5. When we were engaged, my wonderful bishop (and friend), someone I had known since I was 11 or 12 and who I quite viewed as my “Church dad”, since my own parents weren’t members, counseled us quite a bit. We arrived one evening at the topic of “what if he’s in the mood and she’s not?” Sadly the counsel I received was that a woman really should not say no to her husband, because “a man just gets a special feeling when he makes love to his wife.” Thankfully I was master enough of my own will that I did an inner eye-roll, thinking, “oh, HELL no.” And even more so– I was very blessed in my husband, as he has always respected my boundaries, moods, fatigue, whatever, and without resentment. At the time, I thought it was just “old-guy opinion”, and this bishop had never before or since shown me anything other than wisdom, progressive attitude, kindness, and wonderful humor. Now I wonder if perhaps this could be more prevalent than would be commonly thought. We have such a patriarchal culture in the church, and those attitudes die hard. How many women have felt “coerced” into sex because they too were taught that a woman should never say no to her husband?

  6. Aaron, SO happy you brought this up in this forum. I think, given the way we teach youth about sex and the fact that men are considered the heads of Mormon households, we should be very concerned about how potentially frequent and hidden this issue must be in our communities. Think of the most recent article that went viral on the web – the YSA Bishop ‘counseling’ young women on the law of chastity that amounted to nothing more than blaming women’s immodesty for men’s sexual transgressions. There was no discussion that perhaps women themselves have sexual impulses. In the church, women are talked of as having the ‘errand of angels,’ we are the ‘moral force in the home.’ Things like sex are reserved for men, and it is up to us to control it. I wonder how many young women, fed this rhetoric from age 12, marry and think – ‘oh! So now I’m married, it must be up to me to give into my husband’s sexual urges as I was once meant to suppress them! After all, he is the sexual creature here. I have no voice or needs. Besides, he IS the head of the household.’

    And think of the numerous cases reported of women whose husbands are addicted to pornography, and are then counseled by Priesthood leaders to dress up more to become more attractive to their husbands. Again, a woman’s needs are seconded to the ways in which she pleasures (or does not pleasure) her husband. It is an incredibly disturbing rhetoric, and the fact that the only way women could likely report such acts of non-volitional sex in a church setting would be to another adult male – as you say – begs the question of how many women would want to be put into that position.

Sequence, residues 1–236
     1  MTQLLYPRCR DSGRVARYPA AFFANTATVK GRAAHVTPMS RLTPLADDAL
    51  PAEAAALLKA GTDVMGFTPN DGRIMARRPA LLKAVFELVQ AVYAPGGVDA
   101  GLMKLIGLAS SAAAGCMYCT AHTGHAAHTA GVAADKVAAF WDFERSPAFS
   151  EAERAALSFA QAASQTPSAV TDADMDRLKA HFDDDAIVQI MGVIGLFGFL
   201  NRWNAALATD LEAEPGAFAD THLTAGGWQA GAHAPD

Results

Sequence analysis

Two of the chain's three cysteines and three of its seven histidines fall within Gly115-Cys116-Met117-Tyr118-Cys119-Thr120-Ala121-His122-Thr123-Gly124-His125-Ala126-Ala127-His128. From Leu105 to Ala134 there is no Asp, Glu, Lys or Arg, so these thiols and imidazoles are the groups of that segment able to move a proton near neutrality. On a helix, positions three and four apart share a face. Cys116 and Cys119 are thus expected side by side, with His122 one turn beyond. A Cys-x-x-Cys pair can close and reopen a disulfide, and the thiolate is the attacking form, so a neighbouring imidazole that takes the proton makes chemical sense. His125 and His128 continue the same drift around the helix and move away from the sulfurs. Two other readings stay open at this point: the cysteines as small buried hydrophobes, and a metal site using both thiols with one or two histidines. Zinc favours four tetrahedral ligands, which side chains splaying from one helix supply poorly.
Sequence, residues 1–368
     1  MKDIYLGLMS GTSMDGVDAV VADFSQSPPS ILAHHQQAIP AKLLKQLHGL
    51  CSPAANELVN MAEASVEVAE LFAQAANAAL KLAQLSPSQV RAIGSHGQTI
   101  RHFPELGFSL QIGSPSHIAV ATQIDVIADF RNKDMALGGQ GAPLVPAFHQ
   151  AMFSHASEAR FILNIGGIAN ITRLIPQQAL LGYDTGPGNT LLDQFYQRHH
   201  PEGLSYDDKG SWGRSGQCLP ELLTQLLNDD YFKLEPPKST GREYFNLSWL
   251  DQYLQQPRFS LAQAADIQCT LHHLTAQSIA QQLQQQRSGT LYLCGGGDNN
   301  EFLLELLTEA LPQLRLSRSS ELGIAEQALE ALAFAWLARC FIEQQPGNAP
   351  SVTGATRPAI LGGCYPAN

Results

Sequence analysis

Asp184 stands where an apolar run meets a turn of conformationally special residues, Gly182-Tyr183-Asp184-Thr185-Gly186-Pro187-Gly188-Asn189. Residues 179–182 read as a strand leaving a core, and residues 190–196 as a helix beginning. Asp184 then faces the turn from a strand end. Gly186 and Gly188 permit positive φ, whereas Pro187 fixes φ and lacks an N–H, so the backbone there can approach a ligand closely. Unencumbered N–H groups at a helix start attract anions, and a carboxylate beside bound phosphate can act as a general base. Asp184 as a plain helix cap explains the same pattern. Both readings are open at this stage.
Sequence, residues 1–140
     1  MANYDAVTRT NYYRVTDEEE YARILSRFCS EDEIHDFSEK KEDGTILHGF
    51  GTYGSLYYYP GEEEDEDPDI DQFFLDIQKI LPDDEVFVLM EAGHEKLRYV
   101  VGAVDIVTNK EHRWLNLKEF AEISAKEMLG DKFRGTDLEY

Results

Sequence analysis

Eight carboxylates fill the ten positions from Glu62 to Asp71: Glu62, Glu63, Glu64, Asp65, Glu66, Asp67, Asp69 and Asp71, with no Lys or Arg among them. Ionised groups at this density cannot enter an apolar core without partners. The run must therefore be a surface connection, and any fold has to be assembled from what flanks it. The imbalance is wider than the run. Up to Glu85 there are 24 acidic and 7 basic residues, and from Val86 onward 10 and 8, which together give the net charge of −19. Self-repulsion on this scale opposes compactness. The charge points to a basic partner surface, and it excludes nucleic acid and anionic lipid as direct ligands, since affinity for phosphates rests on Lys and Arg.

Bottom line: we need to talk about sex in much more honest and open terms. And more equally between young women and young men. We need to get out of the Victorian era, and stop telling youth that men are ultimately sexual deviants who have little control, and women are mere angels. Surely this only exacerbates issues of consent and sexual domination later on.

  7. Thank you, Anon. This: “the external pressure to not upset my husband” is a huge issue that I think is not necessarily more prevalent in Mormon culture, but is certainly another layer of complexity. Every discussion on sexuality in RS I’ve ever attended has boiled down to “you have to give that to your man because he needs it.”

    At the risk of TMI, I was a victim of “non-volitional sex” by my ex-husband several times, but one would certainly qualify as marital rape. As rapes go, it wasn’t particularly traumatic. There was no physical violence. It was simply that I had communicated to him that I didn’t want to do something again, and he pressured me until I did it. Even though it wasn’t traumatic, I remember feeling like filth. I remember feeling like I was similar to a tissue, providing function but without any value of my own. To be honest, that is part of the fear I have regarding the potential of marrying again.

    In the singles’ ward, being a person who frequently participates in socially uncomfortable discussions, I’ve counseled someone who didn’t even realize she wasn’t at fault for what happened to her. The stories of sexual assault, from being kissed by dates without forewarning or expectation to coerced oral services (and other things just short of the act that can lead to pregnancy,) are legion. So many singles, even in the 30-45 age range that I’m in, think that sex only “counts” if it could potentially make a baby without precautions. It is horrifying to me. And that lack of understanding leads to so much heartache.